The city of Detroit says it will not enforce new rules that make it illegal for Airbnb hosts to rent rooms in single- and multi-family homes.
We broke the news yesterday
that changes to the city's zoning ordinance that went into effect on Feb. 6 prohibit Airbnb hosts from renting out single rooms. Other outlets incorrectly reported that the city totally banned Airbnb in R1 and R2 zones, which make up most of the city. The rules actually only prohibit room
rentals, which would impact about half of Detroit's 430 Airbnb units.
Regardless, David Bell, the city's director of the Buildings, Safety Engineering and Environmental Department, sent out a statement this morning that says that the rules weren't meant to prohibit overnight guests. The city law department is reviewing the ordinance, and will not be ticketing Airbnb hosts in the meantime. He also claims cease and desist letters that Airbnb operators recently received stemmed from the previous ordinance.
Detroit homeowners have been able to rent out a room in their homes for more than 100 years and we don't believe the new ordinance was intended to take away that right. The ordinance as written appears to ban all homeowners from having even their own friends and relatives stay at their homes if that friend or relative is paying them rent. The public was never told that was intended. I have asked the law department to review this question and give BSEED guidance.
Media reports that enforcement efforts have begun under this ordinance are false. Over the last two years there have been a few enforcement actions that have involved Airbnb properties, but those tickets have arisen from other complaints or violations related to those properties.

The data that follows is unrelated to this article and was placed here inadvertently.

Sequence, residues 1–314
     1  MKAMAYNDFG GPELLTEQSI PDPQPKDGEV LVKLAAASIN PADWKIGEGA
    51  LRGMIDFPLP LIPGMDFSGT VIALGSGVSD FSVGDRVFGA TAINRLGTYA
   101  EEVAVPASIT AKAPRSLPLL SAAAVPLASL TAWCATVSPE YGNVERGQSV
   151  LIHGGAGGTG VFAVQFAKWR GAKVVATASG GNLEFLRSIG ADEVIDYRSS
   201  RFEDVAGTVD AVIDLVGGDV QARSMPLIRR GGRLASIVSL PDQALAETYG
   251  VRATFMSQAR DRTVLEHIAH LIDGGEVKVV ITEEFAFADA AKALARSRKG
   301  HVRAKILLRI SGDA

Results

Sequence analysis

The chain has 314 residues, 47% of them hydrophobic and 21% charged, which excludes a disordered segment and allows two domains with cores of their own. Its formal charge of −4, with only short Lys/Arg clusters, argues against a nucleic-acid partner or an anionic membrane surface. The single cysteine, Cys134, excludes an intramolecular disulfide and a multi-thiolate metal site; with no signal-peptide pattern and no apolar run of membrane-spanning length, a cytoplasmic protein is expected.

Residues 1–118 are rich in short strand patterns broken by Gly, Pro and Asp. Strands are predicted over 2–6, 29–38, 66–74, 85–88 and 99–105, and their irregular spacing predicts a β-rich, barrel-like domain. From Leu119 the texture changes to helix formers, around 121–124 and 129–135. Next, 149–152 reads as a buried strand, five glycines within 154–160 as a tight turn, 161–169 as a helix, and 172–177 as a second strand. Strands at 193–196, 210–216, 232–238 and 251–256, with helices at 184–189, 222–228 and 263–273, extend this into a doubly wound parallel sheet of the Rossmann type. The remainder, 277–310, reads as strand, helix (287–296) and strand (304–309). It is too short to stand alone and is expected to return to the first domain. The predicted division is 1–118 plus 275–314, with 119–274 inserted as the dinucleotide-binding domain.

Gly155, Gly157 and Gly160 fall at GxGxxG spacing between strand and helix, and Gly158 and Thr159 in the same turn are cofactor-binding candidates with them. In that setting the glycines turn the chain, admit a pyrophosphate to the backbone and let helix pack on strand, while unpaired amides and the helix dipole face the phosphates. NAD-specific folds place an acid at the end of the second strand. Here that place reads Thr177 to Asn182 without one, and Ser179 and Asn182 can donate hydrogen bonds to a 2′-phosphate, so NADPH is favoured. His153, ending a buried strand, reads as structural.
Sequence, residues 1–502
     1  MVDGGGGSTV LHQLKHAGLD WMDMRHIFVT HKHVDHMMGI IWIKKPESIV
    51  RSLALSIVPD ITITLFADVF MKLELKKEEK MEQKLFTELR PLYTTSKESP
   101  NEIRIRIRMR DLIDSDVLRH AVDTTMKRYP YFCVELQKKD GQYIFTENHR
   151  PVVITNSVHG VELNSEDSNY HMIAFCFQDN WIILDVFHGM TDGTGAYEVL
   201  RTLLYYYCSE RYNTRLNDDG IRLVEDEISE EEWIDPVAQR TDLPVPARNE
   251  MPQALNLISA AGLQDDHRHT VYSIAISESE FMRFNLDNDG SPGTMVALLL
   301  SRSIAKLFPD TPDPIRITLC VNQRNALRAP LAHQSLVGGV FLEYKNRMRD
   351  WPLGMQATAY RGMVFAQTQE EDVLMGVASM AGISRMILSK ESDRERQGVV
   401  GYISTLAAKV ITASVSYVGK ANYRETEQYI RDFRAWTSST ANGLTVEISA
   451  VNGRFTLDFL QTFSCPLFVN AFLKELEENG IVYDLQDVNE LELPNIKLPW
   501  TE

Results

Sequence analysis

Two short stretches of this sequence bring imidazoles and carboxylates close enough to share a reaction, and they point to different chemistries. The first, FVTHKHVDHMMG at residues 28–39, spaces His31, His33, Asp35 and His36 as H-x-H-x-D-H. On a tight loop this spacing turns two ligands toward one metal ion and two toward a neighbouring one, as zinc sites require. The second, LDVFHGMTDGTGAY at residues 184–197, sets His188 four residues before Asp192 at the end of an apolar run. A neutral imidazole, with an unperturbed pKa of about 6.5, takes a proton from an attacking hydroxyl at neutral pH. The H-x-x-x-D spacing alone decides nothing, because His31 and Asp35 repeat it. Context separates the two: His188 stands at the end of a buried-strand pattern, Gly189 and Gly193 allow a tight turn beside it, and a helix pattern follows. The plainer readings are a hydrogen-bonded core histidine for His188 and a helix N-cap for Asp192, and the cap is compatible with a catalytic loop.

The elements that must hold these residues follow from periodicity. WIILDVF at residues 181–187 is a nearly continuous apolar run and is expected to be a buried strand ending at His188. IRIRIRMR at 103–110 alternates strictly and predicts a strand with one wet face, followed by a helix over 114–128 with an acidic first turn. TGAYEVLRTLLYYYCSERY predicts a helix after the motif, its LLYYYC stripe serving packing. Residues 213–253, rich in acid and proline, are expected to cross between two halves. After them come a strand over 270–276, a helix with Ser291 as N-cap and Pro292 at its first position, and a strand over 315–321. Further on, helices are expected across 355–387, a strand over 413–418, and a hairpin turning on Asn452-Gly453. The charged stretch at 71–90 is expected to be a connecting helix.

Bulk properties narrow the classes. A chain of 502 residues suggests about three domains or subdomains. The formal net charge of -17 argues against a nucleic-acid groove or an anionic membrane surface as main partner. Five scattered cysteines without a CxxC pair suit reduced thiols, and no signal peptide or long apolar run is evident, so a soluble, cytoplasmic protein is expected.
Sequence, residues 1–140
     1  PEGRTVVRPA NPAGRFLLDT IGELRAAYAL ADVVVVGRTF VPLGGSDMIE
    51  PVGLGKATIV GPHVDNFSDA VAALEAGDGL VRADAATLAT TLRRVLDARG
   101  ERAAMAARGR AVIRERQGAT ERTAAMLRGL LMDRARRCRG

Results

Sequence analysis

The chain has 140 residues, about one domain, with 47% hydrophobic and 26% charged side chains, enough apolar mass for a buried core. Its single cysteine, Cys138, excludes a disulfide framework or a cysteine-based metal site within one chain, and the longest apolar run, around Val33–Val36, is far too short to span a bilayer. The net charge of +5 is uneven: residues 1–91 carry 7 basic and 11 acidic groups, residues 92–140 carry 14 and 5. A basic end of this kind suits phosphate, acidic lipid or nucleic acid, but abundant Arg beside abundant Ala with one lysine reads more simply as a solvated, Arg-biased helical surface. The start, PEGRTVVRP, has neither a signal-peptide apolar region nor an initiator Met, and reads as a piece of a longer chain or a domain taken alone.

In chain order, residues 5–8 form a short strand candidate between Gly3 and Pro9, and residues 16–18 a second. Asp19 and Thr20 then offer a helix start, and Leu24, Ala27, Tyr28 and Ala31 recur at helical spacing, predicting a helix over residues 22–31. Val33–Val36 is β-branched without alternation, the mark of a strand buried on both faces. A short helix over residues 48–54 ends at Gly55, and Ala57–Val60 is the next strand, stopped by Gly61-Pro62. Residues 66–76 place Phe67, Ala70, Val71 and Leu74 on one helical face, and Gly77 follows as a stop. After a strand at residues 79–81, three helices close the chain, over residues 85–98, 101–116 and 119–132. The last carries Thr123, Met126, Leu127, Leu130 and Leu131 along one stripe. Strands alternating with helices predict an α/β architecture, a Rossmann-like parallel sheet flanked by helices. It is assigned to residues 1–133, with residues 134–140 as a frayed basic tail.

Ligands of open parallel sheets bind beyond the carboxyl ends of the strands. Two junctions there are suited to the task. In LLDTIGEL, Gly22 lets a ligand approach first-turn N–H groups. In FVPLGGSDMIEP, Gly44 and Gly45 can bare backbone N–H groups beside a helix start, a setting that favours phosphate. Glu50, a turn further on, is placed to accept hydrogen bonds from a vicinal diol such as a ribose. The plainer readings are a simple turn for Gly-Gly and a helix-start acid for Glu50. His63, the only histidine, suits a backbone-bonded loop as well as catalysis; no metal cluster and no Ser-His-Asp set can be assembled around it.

Until the law department review is complete, BSEED will not be ticketing homeowners for renting out rooms in their own residence, whether through Airbnb or otherwise. BSEED and the administration will be working with City Council to resolve these issues.
City planner Jamie Murphy told us yesterday that the ordinance was only put in place to provide a new enforcement tool while a broader ordinance addressing Airbnb units is being developed.
The rule changes caught many city officials by surprise as it was developed by the city's planning commission staff, then approved by council in November as part of a 200-page update to the city's zoning code. The update was meant to be only a housekeeping matter that cleaned up language, city planning officials told Metro Times
Airbnb spokesperson Ben Breit says the company is pleased to learn the news.
"We applaud the city for doing the right thing and protecting everyday people who are sharing their homes to pay the bills," he says. "Airbnb has partnered with hundreds of cities to develop commonsense home sharing regulations, and we look forward to collaborating with Detroit leaders moving forward."
Read yesterday's story here